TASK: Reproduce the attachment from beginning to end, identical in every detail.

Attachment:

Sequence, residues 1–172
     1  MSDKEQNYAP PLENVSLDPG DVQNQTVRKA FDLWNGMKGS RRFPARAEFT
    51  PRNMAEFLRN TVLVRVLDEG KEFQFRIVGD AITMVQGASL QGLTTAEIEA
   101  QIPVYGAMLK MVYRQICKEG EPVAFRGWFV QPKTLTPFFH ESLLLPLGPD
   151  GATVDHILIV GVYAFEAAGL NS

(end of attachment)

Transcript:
Sequence, residues 1–172
     1  MSDKEQNYAP PLENVSLDPG DVQNQTVRKA FDLWNGMKGS RRFPARAEFT
    51  PRNMAEFLRN TVLVRVLDEG KEFQFRIVGD AITMVQGASL QGLTTAEIEA
   101  QIPVYGAMLK MVYRQICKEG EPVAFRGWFV QPKTLTPFFH ESLLLPLGPD
   151  GATVDHILIV GVYAFEAAGL NS